Maine Senate joins House in supporting greater access to abortions
Jun 27, 2023, 10:32 AM
(AP Photo/David Sharp)
AUGUSTA, Maine (AP) — The Maine Senate voted to expand abortion access Tuesday following an emotional debate, advancing a proposal that would give the state one of the least restrictive abortion laws in the country.
The 21-13 vote lacked the 11th-hour hustle to ensure support that happened before the bill was narrowly approved late last week in the House. Two more votes were needed, one in the House and one in the Senate, to enact the bill.
Demonstrators opposed to the bill later sang hymns, held signs and chanted “kill the bill!” in the hallways.
Current state law bans abortions after a fetus becomes viable outside the womb, at roughly 24 weeks, unless a mother’s life is at risk. The bill would allow abortions any time before birth if deemed medically necessary by a doctor.
Supporters said the change was necessary in heartbreakingly rare circumstances when fatal anomalies are discovered later in a pregnancy.
“How do we legislate the unimaginable?” said Sen. Jill Dusan, D-Portland. “We do so by making sure that those who face the unimaginable have the freedom they need to make the decision that is right for them.”
But Sen. Rick Bennett, R-Oxford, said changes were unnecessary to the current law that he co-sponsored years ago and was signed into law by then-Republican Gov. John McKernan.
“This bill represents a fundamental shift from the uneasy consensus we’ve had in Maine for the past 30 years,” he said.
The Senate vote came days after the one-year anniversary of the U.S. Supreme Court decision that women don’t have a constitutional right to an abortion, returning authority to the states.
The measure sailed through the Democratic-controlled Senate, unlike in the House where Democrats took an hourslong break and held the original vote open for 45 minutes before the measure passed 74-72. Republicans were angered over the tactics, but that Senate debate was civil.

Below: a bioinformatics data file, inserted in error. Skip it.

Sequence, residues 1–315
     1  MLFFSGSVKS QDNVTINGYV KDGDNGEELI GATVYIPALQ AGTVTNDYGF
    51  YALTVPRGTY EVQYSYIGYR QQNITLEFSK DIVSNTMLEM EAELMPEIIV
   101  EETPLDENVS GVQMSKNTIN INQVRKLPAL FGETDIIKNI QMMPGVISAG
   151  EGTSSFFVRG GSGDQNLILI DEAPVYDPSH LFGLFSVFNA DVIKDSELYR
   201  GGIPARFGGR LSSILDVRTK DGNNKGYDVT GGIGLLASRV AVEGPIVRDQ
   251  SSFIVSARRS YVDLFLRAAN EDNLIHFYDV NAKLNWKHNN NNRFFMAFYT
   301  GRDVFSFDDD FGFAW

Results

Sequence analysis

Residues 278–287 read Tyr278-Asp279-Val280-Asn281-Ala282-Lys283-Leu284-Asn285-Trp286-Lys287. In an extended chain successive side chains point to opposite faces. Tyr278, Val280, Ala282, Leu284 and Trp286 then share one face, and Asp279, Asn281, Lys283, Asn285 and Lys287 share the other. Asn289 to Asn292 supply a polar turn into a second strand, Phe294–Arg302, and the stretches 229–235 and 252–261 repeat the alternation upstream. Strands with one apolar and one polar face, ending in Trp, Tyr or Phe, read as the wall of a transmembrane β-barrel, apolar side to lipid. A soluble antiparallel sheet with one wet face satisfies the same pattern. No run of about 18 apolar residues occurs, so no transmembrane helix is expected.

The abortion bill was nonetheless contentious.
Democratic Gov. Janet Mills said during her reelection campaign that she was content with the existing abortion law, but she unveiled a proposal to expand abortion access in January in response to the case of a woman who had to travel to Colorado for an abortion after discovering 32 weeks into her pregnancy that her baby would not survive outside the womb.
Opponents feared that the governor’s bill would allow abortions to become rampant and that healthy babies that were viable outside the womb would be aborted.
Bishop Robert Deeley of the Roman Catholic Diocese of Portland called the bill “immoral” and said it went against the wishes of hundreds of Mainers who testified against it at a 19-hour public hearing.
“This measure eliminates any protections for children who cannot speak for themselves but will suffer because of it,” he said in a statement. He said abortion supporters bowed to “whispers of special interests.”
House Speaker Rachel Talbot Ross, sponsor of the governor’s bill, was targeted over the weekend with anti-abortion flyers calling her a “baby killer” and chalk messages left outside her Portland home.
Portland police launched an investigation and the Christian Civic League of Maine condemned the tactics.
Follow David Sharp on Twitter @David_Sharp_AP